2 linear feet [P] Mary Reynolds (1891–1950), an American expatriate in pre-World War II Paris, befriended and supported many contemporary artists, including Marcel Duchamp, Jean Cocteau, Raymond Queneau, Max Ernst, and Man Ray. She was also Marcel Duchamp's companion from 1923 until her death. This collection includes letters from Duchamp and Alexander Calder, photographs of Reynolds and her Parisian friends, and government documents recording her activity in the French Resistance. It also includes acquisition documents concerning the livres d'artiste collection of Surrealist book bindings by Reynolds and other Surrealist publications now housed in the Ryerson and Burnham Libraries. The Duchamp material covers a private aspect of his life not well represented in other collections. A special issue of the Art Institute's Museum Studies journal titled "Mary Reynolds and the Spirit of Surrealism" (Vol. 22, No. 2, 1996) and a website about the Reynolds book binding collection provide additional information about Reynolds and her interest in Dada, surrealism, and livres d'artiste.
Franklin Delano Roosevelt Memorial Competition collection, 1959–1960
.25 linear foot [P] In the late 1950s the United States Congress established the Franklin Delano Roosevelt Memorial Commission, which organized an open design competition for a site in West Potomac Park, Washington, DC. The 1959 design competition was won by the firm of Pederson and Tilney; however, the design did not meet approval from the Federal Commission of Fine Arts. After several decades of official indecision, the memorial commission was given to Lawrence Halprin and the completed memorial was dedicated in 1997. This collection summarizes the 1959 competition's purpose, registration procedures, conditions of participation, and the official program.
Georges Rouault collection, 1946-1972
.5 linear foot [P] Strongly influenced by the biblical iconography and aesthetics of medieval stained glass, French artist Georges Rouault's work attracted the attention of Chicago Roman Catholic priest Father Richard J. Douaire shortly after World War II. The two men began a correspondence about the religious subjects and themes of Rouault's art that lasted until Rouault's death in 1958. This collection comprises primarily the letters that Father Douaire received from Rouault, and subsequently from Rouault's daughter, Isabelle. Also included in the collection are four photographs of Rouault and the eulogy from Rouault's funeral.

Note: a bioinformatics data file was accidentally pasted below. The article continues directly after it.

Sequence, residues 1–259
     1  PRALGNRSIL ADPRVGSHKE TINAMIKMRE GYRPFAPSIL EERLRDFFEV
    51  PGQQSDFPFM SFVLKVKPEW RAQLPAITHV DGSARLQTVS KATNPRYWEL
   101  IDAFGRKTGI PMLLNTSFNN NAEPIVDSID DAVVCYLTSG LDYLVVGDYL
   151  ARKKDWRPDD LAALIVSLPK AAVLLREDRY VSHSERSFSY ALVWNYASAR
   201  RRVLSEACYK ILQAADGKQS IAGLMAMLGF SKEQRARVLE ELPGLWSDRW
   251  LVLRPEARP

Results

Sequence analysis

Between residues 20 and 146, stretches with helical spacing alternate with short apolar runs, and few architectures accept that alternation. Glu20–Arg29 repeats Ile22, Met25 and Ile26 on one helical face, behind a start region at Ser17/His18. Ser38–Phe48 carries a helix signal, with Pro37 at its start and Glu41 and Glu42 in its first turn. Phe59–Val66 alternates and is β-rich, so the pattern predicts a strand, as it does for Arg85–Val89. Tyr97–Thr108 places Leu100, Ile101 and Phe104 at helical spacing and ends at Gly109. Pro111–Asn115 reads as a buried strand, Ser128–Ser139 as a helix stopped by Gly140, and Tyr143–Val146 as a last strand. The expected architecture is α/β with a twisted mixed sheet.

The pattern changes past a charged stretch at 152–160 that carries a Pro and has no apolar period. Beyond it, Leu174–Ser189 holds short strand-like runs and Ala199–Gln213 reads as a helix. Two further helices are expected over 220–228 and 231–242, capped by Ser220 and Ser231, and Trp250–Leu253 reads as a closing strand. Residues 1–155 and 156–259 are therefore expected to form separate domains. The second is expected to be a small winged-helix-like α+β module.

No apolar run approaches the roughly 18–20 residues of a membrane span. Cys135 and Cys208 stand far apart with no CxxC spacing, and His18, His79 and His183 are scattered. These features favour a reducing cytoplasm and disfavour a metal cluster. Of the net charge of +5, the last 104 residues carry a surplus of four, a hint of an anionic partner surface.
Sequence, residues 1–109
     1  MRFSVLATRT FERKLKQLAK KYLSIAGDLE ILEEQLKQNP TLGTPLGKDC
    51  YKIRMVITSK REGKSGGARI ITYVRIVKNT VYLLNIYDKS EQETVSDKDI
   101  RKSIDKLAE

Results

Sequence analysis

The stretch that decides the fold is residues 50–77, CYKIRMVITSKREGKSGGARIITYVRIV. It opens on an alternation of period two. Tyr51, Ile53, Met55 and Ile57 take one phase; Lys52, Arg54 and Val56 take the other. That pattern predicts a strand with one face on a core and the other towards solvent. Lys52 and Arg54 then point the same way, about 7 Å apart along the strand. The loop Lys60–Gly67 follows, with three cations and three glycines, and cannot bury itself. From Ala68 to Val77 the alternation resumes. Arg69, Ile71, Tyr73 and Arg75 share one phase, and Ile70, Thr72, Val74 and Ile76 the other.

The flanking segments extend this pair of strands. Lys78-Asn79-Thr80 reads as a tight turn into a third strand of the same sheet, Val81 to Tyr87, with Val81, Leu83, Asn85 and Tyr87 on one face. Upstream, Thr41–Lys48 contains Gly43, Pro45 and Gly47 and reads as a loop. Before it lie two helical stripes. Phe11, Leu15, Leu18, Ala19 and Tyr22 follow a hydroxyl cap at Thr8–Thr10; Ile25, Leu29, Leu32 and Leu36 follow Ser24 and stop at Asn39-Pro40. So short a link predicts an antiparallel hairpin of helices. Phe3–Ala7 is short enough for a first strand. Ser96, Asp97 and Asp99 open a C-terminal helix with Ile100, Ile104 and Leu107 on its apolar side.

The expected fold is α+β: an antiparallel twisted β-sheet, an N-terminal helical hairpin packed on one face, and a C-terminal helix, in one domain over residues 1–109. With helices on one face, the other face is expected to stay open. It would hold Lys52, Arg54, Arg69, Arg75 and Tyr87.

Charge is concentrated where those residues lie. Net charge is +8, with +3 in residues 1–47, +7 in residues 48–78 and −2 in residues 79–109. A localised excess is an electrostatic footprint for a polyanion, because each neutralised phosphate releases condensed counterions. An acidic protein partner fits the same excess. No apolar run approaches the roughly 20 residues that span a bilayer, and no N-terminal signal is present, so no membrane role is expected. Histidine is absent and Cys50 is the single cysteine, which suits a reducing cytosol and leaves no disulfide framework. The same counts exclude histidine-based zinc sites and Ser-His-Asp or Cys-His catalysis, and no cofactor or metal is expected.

Arthur Siegel collection
14.5 linear feet [P] Siegel (1913–1978), one of Laszlo Moholy-Nagy's first students at the New Bauhaus in Chicago, became a professional photographer, photojournalist and teacher at the School of the Art Institute of Chicago and the School of Design (later Institute of Design). He was one of the first photographers to establish color photography as a serious artistic medium. Siegel's archive documents the development of modern photography in the United States and of photography in the college curriculum. This collection includes business and personal correspondence, articles and documents about Siegel's colleagues, personal and professional photographs, publications illustrated by his photographs, announcements, exhibition catalogs, and academic papers, including teaching notes and syllabi, with slides organized by lecture title.
Benjamin K. Smith papers, 1903–1970
2.1 linear feet [P] As a young man, Benjamin Smith worked for several manufacturers of upholstery, furniture, and undertakers' supplies in Wisconsin and Illinois. Continuing in sales, he worked for W.K. Cowan and Co., Chicago antique dealers and furniture restorers. Smith left that firm in 1907 to work with several art, fine silver and china dealers. In 1924, he opened his own business, providing appraisal and authentication services to many of Chicago's society families. The bulk of the collection consists of appraisals and related correspondence, organized by client name. Personal correspondence, memorabilia, and miscellaneous publications complete the collection.
Esther Sparks collection, 1969–2012
4 linear feet [P] This collection was compiled by Esther Sparks, researcher and associate curator in the Department of Prints and Drawings at the Art Institute of Chicago from 1970 to 1984, for her 1971 graduate dissertation, A Biographical Dictionary of Painters and Sculptors in Illinois, 1808–1945. The documents include research notes, photographs, correspondence, and other papers related to this seminal reference dictionary, as well as the original copy of the manuscript Catalog of the Works of Alfonso Iannelli.
Lorado Taft collection, about 1908–1930
.5 linear foot [P] Noted sculptor Lorado Taft was born and educated in Illinois and received additional training in sculpture at the Ecole des Beaux-Arts in Paris between 1880 and 1883. Returning to Illinois, Taft began teaching at the Art Institute of Chicago. Taft's first major commission was to design sculptures for the influential World's Columbian Exposition in Chicago in 1893 and his work was exhibited there to great acclaim. Known particularly for his monumental outdoor sculptures, often with water features, Taft worked, taught, and lectured about art throughout his career. This collection contains two typed copies of a lecture given by Taft and mounted photographs of five of Taft's sculptures, including the Fountain of Time in Chicago.